In addition, we added a new command to the React Native CLI that converts and pulls the profile to the local machine. The command will land soon within 1-2 weeks once our Pull Request is merged! This will enhance the experience of thousands of developers who are using React Native as the mobile application platform.
What are the challenges and learning points from the 12 weeks
1. Open source collaboration on GitHub
This summer was the first time I contributed to open source, so I was not familiar with the open source practices and collaboration on GitHub. MLH Fellowship gave us an introductory course to Git and GitHub at the beginning of the program, through which I polished my git knowledge. I also got used to multiple components such as PRs (pull requests), issues, kanban project boards, etc. while doing the projects.
Another opportunity that enabled me to learn a lot about how git works was through doing Stack-Attack. Stack-Attack started from a small project that my teammates E-Liang Tan, Manya Agarwal, Saphal Patro and I worked on for the Halfway Hackathon. We decided to continue the project after the hackathon as a lot of people were interested in using the tool for stacked PRs. Thus, we've been working hard and expect to ship the tool in 1-2 weeks 🚀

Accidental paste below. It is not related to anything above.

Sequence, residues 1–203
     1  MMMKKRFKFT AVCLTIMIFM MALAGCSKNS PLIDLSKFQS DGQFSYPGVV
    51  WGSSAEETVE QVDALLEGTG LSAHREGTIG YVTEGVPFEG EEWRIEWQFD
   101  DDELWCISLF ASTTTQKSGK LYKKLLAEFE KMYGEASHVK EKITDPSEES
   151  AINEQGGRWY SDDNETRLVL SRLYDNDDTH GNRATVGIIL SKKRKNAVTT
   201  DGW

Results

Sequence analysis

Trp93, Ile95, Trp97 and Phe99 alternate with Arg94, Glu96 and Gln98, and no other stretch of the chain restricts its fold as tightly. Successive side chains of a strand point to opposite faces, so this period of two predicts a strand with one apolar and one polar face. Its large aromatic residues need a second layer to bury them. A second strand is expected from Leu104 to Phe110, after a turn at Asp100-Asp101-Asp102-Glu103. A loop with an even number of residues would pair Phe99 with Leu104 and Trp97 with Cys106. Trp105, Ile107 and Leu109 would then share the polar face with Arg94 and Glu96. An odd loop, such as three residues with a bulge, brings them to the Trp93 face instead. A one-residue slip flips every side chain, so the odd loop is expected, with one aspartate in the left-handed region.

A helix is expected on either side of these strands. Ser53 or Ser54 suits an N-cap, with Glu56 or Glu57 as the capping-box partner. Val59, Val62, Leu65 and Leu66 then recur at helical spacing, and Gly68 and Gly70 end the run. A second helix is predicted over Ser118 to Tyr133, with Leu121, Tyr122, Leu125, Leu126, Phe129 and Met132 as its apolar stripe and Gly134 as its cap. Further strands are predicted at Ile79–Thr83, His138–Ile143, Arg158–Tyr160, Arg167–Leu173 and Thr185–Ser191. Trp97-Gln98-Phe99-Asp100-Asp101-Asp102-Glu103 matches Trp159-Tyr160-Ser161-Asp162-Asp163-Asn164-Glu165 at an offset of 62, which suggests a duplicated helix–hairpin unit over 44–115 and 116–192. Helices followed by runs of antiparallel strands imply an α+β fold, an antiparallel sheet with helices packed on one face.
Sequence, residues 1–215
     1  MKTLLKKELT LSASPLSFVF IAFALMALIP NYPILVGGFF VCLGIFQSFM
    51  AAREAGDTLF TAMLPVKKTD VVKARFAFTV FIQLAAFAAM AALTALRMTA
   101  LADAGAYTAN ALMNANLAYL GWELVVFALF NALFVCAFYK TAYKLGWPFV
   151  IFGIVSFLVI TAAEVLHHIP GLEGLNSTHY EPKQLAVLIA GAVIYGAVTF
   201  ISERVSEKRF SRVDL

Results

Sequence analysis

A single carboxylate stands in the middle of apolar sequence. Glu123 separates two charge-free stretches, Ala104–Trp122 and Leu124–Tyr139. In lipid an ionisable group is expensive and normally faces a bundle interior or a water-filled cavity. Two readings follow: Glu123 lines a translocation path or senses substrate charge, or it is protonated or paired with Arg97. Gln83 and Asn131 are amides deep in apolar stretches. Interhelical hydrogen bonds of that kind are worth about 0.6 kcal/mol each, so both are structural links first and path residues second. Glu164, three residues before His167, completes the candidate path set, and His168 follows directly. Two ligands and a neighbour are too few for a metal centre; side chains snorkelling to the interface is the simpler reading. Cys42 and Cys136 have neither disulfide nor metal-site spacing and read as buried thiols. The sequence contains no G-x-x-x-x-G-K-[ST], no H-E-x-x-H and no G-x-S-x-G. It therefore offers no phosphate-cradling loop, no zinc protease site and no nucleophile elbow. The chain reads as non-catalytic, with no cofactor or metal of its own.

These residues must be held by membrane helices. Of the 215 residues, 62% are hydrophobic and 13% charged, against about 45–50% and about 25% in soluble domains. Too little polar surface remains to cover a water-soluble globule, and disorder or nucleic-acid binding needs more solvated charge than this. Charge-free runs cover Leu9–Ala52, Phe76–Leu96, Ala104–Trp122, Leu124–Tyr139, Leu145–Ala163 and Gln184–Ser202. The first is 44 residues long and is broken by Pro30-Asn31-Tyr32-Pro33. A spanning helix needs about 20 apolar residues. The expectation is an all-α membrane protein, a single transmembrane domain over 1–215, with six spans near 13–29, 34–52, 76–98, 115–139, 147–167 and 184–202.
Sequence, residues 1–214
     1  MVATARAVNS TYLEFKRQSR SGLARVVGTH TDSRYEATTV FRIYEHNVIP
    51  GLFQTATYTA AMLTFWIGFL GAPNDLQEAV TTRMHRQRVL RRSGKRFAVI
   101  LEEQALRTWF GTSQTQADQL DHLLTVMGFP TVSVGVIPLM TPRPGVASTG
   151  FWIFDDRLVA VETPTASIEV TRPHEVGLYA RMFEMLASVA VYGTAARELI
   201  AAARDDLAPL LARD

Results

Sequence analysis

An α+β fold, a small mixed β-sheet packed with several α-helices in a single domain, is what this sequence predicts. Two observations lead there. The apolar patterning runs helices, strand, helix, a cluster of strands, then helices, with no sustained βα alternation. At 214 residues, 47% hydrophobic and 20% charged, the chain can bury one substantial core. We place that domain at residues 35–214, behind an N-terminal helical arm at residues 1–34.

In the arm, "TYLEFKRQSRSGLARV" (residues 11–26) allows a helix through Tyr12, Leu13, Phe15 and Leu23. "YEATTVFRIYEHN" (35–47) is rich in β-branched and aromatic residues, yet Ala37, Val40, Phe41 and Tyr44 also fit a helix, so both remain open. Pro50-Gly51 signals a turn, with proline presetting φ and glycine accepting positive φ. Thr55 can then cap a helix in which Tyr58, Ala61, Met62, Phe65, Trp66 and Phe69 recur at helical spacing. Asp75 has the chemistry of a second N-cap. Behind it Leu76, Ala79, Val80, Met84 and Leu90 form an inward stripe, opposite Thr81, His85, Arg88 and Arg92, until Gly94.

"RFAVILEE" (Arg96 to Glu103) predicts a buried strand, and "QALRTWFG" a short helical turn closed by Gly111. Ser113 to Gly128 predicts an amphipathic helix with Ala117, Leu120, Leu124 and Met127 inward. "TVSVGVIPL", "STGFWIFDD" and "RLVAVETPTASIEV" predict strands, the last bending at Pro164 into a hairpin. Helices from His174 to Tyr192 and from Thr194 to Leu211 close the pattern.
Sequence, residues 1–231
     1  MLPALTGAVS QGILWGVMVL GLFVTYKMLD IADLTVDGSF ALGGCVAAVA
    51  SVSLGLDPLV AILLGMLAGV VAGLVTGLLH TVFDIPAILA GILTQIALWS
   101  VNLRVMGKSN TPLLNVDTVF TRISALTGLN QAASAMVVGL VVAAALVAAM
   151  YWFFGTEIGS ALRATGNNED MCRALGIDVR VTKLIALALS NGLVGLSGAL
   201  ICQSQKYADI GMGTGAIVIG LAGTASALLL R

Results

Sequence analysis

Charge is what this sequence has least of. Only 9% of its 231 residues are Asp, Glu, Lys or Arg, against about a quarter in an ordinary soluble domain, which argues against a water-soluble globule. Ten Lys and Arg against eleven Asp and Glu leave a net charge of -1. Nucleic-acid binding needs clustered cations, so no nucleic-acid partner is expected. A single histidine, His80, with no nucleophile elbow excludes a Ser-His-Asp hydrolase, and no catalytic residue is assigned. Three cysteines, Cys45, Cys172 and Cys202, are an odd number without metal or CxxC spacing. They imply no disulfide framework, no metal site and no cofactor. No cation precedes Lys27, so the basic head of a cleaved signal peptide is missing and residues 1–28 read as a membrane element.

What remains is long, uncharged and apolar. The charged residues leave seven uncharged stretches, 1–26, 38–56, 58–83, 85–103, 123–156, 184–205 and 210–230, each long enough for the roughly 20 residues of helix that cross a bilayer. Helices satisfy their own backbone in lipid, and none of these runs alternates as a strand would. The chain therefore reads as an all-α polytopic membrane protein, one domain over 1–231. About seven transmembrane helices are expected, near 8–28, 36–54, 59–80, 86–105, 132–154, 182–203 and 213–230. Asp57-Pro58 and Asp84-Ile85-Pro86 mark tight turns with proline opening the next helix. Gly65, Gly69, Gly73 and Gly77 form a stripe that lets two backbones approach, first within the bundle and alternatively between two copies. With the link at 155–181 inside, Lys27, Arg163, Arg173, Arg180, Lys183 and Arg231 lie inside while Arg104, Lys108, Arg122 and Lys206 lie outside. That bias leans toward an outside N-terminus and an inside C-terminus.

2. Sampling profiler
We started our main project from the second week by meeting the project maintainer, asking for more details, getting familiar with the tools involved (Hermes and React Native in my case). The first challenge that my teammate and I encountered was there was not a lot of documentation on how Hermes sampling profiler works. We needed to make a number of assumptions and try different approaches to process the profiler. I remembered we did not accomplish much the first 2-3 weeks of the project, spending time understanding the structure of the Hermes profile.
After some exploration, starting from week 4, we decided to have weekly meetings with the project maintainer from Facebook (Ram and Neil). We got a lot of questions answered about whether our assumptions and approach are in the right direction. We learned an important thing about open source through this: communicate frequently with the project maintainers to avoid getting down the rabbit hole. If they don't give a definite answer, they may help connect you with other people.